Operation Nostos highlights an illegal global pyramid-shaped smuggling network in classical Greek, Hellenistic, and Roman antiquities, where those with the biggest piece of the pie in this trade are a handful of people in Europe and the USA. In essence, these networks are criminal. Gravediggers, smugglers and middlemen who transport antiquities across borders are associated with criminal gangs often involved in the arms or drug trade, and who may have a foothold in the police.
However, in my opinion, the real archaeological is different. It may start in the black area, but quickly transitions to the gray area until it is almost white. There we meet respectable art dealers with galleries in Zurich, London or New York, and we also meet large auctioneers who buy purposefully from antique networks. None of them are “benefactors”. They merge with major curators and collectors seeking social recognition through art and cause an increased demand for antiquities. New demand raises prices and creates new markets and incentives for illegal mining.”
Without awareness, with direct and sharp language, the author analyzes the patterns of the archaic act as well as its oppression from many angles, through twelve characters. The main narrator is Alexis Krass, an anxious but disarmed reporter with the germ of the investigation. Karras enters the fight against antiquities, and ends up working collectively as a member of the “Internationale of Good” – journalists, archaeologists, judges and police officers from Greece, Italy, Britain and the USA.
In a parallel track, the Antiquities Prosecutor of Security, Grigoris Georgiou, struggles to do his job under a corrupt system, where “if you show you know dirt, you’ve stepped on it”. The two will meet for the first time in the middle of the novel and team up against the ruthless circles of the powerful “Evil International”, which includes from gangsters to ministry officials and even the police. An occasion for Zirganos to make toxic comments that turn a blind eye to the Greek political scene, about black money, cover-ups, reparations, concealment of responsibilities, abuse of power, etc.
The novel progresses like a spiral that renews the suspense and additionally reveals to the readers some secrets of the high temperature. Such as the raid carried out by the Swiss police and the Italian carabinieri jointly with the competent public prosecutor on the storage areas of the “Free Port” in Geneva, where goods of all kinds end up without any customs control. In this “black hole” 1,657 artifacts, 140 icons and 85 paintings were found, with a total value of at least 150 million euros, thanks to the maneuver of the Italian Public Prosecutor.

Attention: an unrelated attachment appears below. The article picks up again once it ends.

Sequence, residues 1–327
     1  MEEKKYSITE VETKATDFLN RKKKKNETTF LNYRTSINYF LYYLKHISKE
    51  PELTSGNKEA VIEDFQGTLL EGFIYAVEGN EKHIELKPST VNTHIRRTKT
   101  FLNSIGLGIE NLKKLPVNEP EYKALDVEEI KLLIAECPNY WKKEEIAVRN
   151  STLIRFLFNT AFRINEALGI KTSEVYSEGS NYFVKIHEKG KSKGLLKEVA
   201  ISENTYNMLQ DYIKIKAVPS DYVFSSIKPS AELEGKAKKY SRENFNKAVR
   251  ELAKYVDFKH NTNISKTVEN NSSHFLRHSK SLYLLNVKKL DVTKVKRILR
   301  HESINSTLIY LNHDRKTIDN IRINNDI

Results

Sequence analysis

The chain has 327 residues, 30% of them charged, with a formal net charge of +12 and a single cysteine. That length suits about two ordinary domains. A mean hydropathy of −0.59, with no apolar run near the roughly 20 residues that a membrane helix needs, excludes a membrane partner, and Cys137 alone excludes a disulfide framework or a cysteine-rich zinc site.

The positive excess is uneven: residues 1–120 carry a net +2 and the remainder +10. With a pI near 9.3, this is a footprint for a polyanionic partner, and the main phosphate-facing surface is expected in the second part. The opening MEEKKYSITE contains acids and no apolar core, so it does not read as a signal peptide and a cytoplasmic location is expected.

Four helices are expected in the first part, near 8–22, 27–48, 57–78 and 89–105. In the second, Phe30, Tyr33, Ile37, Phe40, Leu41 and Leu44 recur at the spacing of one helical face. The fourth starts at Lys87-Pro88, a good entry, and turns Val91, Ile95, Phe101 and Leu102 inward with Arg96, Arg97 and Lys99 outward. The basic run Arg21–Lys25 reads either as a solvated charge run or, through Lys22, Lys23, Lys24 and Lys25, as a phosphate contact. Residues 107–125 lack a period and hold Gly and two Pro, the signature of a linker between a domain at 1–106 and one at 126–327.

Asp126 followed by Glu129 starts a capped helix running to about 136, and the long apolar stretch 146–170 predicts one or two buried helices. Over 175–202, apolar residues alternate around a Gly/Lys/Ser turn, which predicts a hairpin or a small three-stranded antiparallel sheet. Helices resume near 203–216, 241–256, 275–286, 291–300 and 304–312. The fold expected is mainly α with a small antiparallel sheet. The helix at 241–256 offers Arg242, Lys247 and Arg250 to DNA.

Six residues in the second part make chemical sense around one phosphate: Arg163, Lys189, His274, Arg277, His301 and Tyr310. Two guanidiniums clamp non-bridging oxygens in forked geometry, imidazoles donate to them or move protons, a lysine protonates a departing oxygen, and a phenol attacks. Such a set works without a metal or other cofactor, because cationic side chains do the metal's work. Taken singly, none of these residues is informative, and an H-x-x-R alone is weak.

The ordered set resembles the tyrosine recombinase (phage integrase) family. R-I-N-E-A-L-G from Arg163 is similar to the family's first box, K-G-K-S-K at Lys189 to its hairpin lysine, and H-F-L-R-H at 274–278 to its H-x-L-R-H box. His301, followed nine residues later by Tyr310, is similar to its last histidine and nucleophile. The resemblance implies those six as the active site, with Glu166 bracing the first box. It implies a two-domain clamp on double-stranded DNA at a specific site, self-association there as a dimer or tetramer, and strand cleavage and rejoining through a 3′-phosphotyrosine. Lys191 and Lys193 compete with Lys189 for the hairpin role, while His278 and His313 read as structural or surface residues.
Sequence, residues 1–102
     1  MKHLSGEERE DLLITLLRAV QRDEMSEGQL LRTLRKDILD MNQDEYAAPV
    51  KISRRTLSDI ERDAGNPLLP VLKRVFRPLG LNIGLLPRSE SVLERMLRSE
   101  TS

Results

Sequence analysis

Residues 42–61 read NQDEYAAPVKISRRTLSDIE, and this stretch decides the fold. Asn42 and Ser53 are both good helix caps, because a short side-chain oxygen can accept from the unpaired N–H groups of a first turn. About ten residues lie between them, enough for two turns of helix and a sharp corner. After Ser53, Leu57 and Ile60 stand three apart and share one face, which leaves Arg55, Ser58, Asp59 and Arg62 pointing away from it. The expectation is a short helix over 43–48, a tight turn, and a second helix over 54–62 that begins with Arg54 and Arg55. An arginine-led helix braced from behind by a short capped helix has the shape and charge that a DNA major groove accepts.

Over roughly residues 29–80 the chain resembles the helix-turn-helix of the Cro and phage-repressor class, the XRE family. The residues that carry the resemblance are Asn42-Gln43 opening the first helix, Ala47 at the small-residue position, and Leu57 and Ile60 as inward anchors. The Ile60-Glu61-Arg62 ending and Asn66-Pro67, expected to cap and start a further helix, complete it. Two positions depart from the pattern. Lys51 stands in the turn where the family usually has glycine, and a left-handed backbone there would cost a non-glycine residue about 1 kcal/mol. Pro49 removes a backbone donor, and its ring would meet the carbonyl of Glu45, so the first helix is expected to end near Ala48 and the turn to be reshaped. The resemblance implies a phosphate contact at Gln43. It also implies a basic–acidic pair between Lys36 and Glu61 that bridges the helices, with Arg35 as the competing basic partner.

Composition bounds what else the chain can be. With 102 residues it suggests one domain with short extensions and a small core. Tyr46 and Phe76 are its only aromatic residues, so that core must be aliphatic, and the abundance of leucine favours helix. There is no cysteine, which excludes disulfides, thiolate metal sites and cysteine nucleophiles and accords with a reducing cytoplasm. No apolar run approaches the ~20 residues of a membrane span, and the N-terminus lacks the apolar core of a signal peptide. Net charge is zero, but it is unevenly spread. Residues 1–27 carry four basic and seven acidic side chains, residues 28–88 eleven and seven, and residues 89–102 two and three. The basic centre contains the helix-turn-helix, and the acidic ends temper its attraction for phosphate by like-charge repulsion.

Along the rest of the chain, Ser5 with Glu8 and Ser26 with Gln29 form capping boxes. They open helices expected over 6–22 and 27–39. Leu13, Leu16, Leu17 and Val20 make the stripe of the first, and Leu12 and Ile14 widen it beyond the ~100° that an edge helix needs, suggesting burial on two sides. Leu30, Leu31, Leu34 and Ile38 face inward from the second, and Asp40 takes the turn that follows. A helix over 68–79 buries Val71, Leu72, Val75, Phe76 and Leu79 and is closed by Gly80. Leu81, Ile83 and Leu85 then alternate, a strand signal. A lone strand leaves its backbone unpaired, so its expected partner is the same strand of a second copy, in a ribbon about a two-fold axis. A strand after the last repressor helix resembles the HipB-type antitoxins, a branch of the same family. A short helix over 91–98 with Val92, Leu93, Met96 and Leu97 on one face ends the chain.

This is a real event among many in the book, as well as some disturbing documents promoted by the Greek Ministry of Culture.
There we will also meet Anna Sironi, Secretary General and then Minister of Culture, who is not Lina Mendoni herself but “what she exudes”, as the author tells us. “And its position does not refer to a specific political space, but rather to power along the lines of the Greek. Tsaroni are like the “Numan” with their chiefs and their intrigues and moves are not dictated by institutional interest, but by personal interests. In the novel there are several characters inspired by real people, through which the historical continuity of the archaeological network is emphasized and persecuted.
Thus, the narration begins. With the death, under mysterious circumstances, of Nikolaos Papageorgiou, a character inspired by Christos Michaelidis who died under mysterious circumstances in 1999. He was the partner of Robin Sims and the duo’s estate – with a large number of “orphan” relics – has become the subject of reports, documentaries and books.
In contrast, “Daughter” and “Stephanie” in “Operation Nostos” serve as the legend of Ariadne in the labyrinth of “collar” traces. But the author does not triumph with the justification of his protagonists, the reporter Krass, the policeman Georgios and the prosecutor Dubis.
Zirganos knows that a country can boast because its prestige is maintained every time a work of ancient Greek or Hellenistic art is brought home. But he is quick to sow doubts in his readers. Because in the end not all truth shines out. The relics brought home in 2007 have polished the image of J. But in the end, middlemen, antiquities dealers, museum curators, midwives, and “parties” at the higher levels of government and public administration get away with it. In the novel, the International of Good is dissolved, while the archaeological circle is preserved. The battle has been won, but not the war. And next time, for Karras and Giorgio, the search will have to start over.
Zerganos says: “The antiquities market is starting to move today to the emperors of China and the Arab world who deal with antiquities as an investment and preserve them well without displaying them and without feeding them publications and studies, as they did in the past. Museums or traditional collectors. This new treaty opened a public debate, which should also Taking it to the level of the European Union in order to change the rules of the game and obtain a more transparent and strict regulatory framework that obliges the owners of antiquities to present their provenance and the legality of their possession.
“Hipster-friendly coffee fanatic. Subtly charming bacon advocate. Friend of animals everywhere.”